Even amid the COVID-19 pandemic, Opera Theatre of Saint Louis is advocating for progress.
In September 2020, OTSL launched two new initiatives dedicated to expanding its commitment to equity, diversity and inclusion. To OTSL’s general director, Andrew Jorgensen, the programs are needed now perhaps more than ever.
“Themes of diversity and inclusion were already part of the conversation,” says Jorgensen of OTSL’s work to amplify diverse voices. “But as we navigate through this time, we’re realizing just how urgent these themes are – and how much more we can do and how much more we must do.”
The first initiative – the Clayco Future Leaders Fellowship – provides in-depth work experiences to BIPOC (Black, indigenous and people of color) individuals. Three participants will be selected from a nationwide pool of applicants, and each participant’s experience will focus on a different area of theater production.
Fellows will be selected by late November and begin the program remotely on Jan. 4; the three fellowships will run through the end of July and, if safety permits, may transition to in-person experience. The 2021-22 fellowship will expand to a 10-month program.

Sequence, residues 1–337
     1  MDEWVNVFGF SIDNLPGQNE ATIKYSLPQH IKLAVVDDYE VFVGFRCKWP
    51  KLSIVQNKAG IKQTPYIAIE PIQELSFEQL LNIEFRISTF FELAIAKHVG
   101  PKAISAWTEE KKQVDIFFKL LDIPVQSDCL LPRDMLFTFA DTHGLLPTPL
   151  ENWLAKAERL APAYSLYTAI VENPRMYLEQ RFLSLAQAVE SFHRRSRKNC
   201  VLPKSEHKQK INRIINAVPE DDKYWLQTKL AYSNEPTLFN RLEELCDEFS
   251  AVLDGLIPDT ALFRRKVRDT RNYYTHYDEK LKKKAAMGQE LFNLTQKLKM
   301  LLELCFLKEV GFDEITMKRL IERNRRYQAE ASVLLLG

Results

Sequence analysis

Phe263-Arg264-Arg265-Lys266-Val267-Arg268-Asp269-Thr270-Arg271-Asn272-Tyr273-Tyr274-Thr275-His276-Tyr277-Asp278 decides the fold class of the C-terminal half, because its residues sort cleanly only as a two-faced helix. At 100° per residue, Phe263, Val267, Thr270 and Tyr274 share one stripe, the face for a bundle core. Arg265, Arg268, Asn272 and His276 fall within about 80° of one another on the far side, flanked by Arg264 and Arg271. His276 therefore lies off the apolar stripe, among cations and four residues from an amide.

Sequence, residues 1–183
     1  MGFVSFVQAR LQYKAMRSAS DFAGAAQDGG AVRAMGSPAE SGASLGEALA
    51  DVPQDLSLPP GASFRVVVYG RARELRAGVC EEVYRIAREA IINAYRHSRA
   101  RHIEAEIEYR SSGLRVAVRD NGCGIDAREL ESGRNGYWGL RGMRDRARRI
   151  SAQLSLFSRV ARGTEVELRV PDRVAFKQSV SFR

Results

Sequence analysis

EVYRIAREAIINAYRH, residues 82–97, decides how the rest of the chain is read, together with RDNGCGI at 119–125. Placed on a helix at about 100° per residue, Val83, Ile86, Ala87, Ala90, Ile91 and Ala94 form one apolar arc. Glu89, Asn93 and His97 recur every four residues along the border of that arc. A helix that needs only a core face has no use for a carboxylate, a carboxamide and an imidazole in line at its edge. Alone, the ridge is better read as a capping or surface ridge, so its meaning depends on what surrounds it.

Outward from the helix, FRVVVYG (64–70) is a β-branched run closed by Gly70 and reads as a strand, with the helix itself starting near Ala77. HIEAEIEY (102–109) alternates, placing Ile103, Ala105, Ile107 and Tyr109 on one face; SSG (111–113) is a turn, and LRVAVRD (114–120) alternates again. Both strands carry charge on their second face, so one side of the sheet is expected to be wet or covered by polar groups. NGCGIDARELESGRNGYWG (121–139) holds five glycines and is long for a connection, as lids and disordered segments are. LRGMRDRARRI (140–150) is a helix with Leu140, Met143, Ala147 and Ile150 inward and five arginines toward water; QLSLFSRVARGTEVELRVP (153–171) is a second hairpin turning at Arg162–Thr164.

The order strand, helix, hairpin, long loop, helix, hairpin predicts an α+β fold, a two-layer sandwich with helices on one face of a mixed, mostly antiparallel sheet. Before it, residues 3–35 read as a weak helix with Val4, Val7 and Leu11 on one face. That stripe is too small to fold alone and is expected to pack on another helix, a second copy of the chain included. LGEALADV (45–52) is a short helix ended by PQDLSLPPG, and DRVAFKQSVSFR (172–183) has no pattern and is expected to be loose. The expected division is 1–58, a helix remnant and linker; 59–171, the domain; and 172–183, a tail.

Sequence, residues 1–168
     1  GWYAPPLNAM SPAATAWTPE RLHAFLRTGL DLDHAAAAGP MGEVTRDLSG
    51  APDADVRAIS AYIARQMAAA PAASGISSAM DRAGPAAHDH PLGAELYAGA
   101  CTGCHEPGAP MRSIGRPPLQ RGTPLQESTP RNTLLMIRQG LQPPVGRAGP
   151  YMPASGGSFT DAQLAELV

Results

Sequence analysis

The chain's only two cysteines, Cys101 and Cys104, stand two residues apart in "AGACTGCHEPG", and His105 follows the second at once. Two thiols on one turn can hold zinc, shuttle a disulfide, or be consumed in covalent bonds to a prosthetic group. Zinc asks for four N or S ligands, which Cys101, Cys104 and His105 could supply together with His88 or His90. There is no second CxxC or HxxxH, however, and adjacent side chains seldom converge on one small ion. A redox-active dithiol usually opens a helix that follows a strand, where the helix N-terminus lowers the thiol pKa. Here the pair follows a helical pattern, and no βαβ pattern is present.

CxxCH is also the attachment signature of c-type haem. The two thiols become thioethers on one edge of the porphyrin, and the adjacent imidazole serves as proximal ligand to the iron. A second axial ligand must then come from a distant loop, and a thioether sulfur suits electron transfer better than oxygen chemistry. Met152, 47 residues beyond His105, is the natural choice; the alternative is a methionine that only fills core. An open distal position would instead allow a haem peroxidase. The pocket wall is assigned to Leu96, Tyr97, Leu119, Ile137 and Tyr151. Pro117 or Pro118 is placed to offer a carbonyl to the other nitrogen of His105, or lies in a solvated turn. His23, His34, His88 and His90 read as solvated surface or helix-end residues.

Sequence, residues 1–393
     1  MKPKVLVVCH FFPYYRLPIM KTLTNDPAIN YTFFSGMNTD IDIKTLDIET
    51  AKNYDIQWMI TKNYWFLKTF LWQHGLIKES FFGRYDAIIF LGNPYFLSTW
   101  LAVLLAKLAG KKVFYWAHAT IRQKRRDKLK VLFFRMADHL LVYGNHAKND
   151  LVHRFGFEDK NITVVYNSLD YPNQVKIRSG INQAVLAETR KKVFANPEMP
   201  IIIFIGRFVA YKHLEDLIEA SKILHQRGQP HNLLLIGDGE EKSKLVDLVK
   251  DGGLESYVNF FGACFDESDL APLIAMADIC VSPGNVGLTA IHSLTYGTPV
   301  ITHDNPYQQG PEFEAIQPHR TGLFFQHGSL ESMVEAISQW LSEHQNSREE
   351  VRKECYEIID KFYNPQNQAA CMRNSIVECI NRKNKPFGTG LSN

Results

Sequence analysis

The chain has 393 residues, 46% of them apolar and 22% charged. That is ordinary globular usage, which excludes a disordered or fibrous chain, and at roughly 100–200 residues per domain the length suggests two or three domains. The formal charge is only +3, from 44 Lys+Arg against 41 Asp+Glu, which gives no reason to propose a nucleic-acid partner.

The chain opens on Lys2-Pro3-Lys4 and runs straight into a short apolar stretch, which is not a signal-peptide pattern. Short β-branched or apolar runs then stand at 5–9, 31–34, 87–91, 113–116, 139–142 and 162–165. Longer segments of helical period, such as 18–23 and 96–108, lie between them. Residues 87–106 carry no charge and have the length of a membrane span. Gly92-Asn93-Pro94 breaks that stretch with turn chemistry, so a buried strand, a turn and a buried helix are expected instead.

In developing the program, OTSL leadership was inspired by the Saint Louis Art Museum’s Romare Bearden Graduate Museum Fellowship. Jorgensen says he hopes the Clayco fellowship will attain similar prestige by developing a robust alumni base that builds a network and community.
“I hope and expect that we will hire some of them into our own ranks,” Jorgensen says of the future fellows. He adds that OTSL will also foster connections that help participants take the next steps in their careers.
The second announced initiative is the creation of the Voices Fund: A Path for Empathy, Dialogue and Change. Sustained by the $725,000 raised from OTSL’s 2020 spring gala, the fund will support an ongoing series of projects that amplify voices and increase accessibility for the arts in the area.
The first Voices Fund program is a concert produced in conjunction with the Nine Network of Public Media, where Songs for St. Louis: A Concert in the Commons will premiere on Nov. 16. OTSL also recently announced an entire year’s worth of programming, including three short operas.
OTSL hopes that both initiatives demonstrate the company’s willingness to lead the charge for change. Jorgensen and his colleagues find inspiration in this work.
“Art adapts, art finds a way, and art gives us a meaning,” he says.
Opera Theatre of Saint Louis, 210 Hazel Ave., St. Louis, 314-961-0644, opera-stl.org
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